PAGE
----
Tuesday, January 6, 2015

encounter at the barber shop

Because I had begun to look like one of those cartoon cats that gets its tail stuck in a light socket, I went to the barber yesterday. One person was in the barber's chair and a white-haired fellow was waiting his turn while reading the local paper.

Since reading months-old magazines did not appeal to me, I asked the fellow who was waiting if I could take a section or two of the paper.

"Go ahead," he said. "I'm just checking the obituaries to make sure I'm not included."

It was an old-duffer's kind of witticism and I liked being in the company of someone whose age and outlook I might share. By way of passing time, I asked the fellow what he had thought of the newspaper's seemingly endless coverage of a woman who had planned and then executed her own death by not eating. The series was titled "Death with Dignity."

The question and topic didn't seem to make him squeamish.

"It's ticklish," he observed of the topic in general. There are so many varying circumstances (grinding pain, depression, immobility, etc.) attending on death that deciding to end this life has no single appropriate philosophy. He told me of a distant relative whose 19-year-old daughter had had a massive heart attack while jogging and for the last couple of years had been confined to bed ... a 'vegetable' who could not move or speak and whose parents were legally barred from a 'merciful death' option.

"Would she want to live?" he asked rhetorically. "No one knows or can know."

I said I liked the newspaper series because it said implicitly what so many are loath to express: This life is entirely yours. Laws, opinions, religions, etc. can all go suck an egg in the end. It's yours in success and yours in failure; yours in competence and yours in incompetence... even in a vegetative state.

An aging (or even young) person may not have much, but this life remains untouchable by others. That fact strikes me as important... and largely overlooked because so much of what went before has been made dependent on the outlook of others. Being responsible is lonely... and rather exciting at first. Later, perhaps, the obviousness settled down and made you wonder how or why you had ever thought otherwise.

Soon enough, the white-haired man took his turn and got his hair cut. I basked in a small conversation that had no real punch line or conclusiveness, but simply ended by circumstance with some line like, "to be continued...."


  1. Or not. It's said that you cannot fall out of the universe, but within the confines of your circumstances, your road, you try to steer. And with that, the option of steering out of the limitations of those circumstances, is still within your purview.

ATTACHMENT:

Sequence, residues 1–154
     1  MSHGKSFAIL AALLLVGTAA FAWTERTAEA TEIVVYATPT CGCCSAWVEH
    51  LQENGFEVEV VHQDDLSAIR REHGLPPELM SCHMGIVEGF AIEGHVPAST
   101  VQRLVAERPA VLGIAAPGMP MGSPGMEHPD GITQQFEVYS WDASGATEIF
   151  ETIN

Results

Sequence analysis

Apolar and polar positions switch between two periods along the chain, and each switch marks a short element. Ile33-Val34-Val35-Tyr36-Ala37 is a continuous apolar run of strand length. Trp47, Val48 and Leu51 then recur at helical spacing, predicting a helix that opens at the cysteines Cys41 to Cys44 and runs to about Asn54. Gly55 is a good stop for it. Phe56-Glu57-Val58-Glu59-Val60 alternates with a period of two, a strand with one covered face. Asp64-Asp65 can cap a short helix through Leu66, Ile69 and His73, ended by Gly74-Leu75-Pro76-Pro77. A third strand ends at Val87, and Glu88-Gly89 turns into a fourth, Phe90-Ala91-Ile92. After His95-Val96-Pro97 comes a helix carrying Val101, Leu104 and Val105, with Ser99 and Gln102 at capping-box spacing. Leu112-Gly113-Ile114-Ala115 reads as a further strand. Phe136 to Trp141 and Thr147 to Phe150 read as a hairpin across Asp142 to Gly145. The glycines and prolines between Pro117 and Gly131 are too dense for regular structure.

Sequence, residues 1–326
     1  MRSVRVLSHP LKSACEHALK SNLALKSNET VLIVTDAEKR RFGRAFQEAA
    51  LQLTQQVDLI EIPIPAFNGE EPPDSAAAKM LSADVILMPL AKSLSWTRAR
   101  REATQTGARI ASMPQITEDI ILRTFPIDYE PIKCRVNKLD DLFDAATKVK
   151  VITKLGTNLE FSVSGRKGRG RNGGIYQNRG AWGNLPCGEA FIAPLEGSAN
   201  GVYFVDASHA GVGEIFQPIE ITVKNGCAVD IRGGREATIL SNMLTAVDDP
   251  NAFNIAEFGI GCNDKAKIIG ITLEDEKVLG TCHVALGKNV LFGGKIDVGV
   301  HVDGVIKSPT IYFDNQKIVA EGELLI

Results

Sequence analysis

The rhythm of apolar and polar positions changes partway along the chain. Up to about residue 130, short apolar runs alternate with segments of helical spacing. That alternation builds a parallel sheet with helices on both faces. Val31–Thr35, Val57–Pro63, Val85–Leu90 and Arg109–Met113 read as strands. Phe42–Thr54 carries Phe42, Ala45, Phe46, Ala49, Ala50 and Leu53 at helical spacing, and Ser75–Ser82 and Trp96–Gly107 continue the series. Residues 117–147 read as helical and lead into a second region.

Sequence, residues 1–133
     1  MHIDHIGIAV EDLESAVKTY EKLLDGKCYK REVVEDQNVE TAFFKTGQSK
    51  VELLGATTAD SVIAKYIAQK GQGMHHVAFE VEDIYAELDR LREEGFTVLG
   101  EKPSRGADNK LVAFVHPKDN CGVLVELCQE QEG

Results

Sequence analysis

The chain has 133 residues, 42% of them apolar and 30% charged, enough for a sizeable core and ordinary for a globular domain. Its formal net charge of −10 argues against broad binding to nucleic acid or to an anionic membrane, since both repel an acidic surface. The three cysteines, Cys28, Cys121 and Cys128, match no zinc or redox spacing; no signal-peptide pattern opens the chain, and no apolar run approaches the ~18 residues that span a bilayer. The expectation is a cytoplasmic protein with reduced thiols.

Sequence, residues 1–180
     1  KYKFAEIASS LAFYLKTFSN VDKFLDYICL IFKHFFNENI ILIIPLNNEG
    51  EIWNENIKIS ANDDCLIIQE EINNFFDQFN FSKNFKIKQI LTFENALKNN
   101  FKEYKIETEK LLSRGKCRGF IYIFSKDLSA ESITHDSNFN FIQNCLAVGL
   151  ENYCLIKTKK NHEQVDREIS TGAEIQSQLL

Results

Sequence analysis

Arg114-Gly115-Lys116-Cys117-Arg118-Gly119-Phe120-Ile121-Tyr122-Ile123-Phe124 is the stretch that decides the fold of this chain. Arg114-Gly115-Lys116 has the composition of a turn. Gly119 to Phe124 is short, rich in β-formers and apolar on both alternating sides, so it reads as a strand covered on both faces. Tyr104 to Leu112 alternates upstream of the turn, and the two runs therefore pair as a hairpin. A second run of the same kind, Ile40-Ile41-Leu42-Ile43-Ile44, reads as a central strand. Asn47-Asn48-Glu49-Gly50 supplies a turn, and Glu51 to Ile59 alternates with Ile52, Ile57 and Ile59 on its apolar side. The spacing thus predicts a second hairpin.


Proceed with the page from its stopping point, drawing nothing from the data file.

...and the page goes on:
I remember an image of a guy holding a gun to his head, while officers held guns on him. Maybe it was a Mel Brooks gag, a guy taking himself hostage. But if suicide is illegal, an attempted self murder, will the miscreant receive the death penalty? Death by cop certainly saves on court time, though probably hard on the cop involved.

    The entire debate strikes me as ridiculous if the individual desires to check out. Sign a consent form, pay the costs of disposal and and a contracted fee, and our expert staff will shoot you. Voila, a new taxable industry the NRA can get behind.

    In third party, vegetative situations, the doctor assigned and a second opinion strike me as sufficient to pull a plug. Sufficient to inject lethally should the body continue toward slow starvation.

    When my parents were dying of illness, they were drugged into insensibility, and lay there until kidney failure killed them. It seems to me in hindsight, that they essentially were made to die of thirst. That strikes me as more barbaric than being drawn and quartered, which would be faster. I have to question if they were insensible enough to not suffer, or were just made unable to complain. And no manner of assurance takes away my being pissed off about it.

    To discuss, or not to discuss, that's a silly question. But if common sense were really common, there might be fewer arguments. And if i were god, as an uncle used to say, among what problems might remain, over population wouldn't be among them.

  2. my mother's sister died last year, from metastatic cancer that was diagnosed after she'd spent two and a half months in the hospital (!!! - long story) - she had accepted a feeding tube which i urged on her early in her hospital stay, but after the diagnosis she declined more and more feedings, so she died sooner than she otherwise would have

    although later than she had planned - a polio survivor who had been kept alive in an iron lung when she got polio as a student nurse in the early 1950s, she was ventilator-dependent in the hospital this time, and set a date for disconnecting it - but backed away when that date arrived - just as well, i thought - although i was quite clear about the logic of "discontinuing artificial breathing assistance" NOT being euthanasia, there was enough similarity to make me uncomfortable with it, so her deciding NOT to go through with it was a relief to us - her dearest friend, as well as I, my wife, and my cousin and her husband were there at the appointed time - instead, she lived another month

    as for me, if i'm in charge of whether i'm fed or not at a time when my life is a burden, i starvation is the way to go - the jains thought of it as a sacrament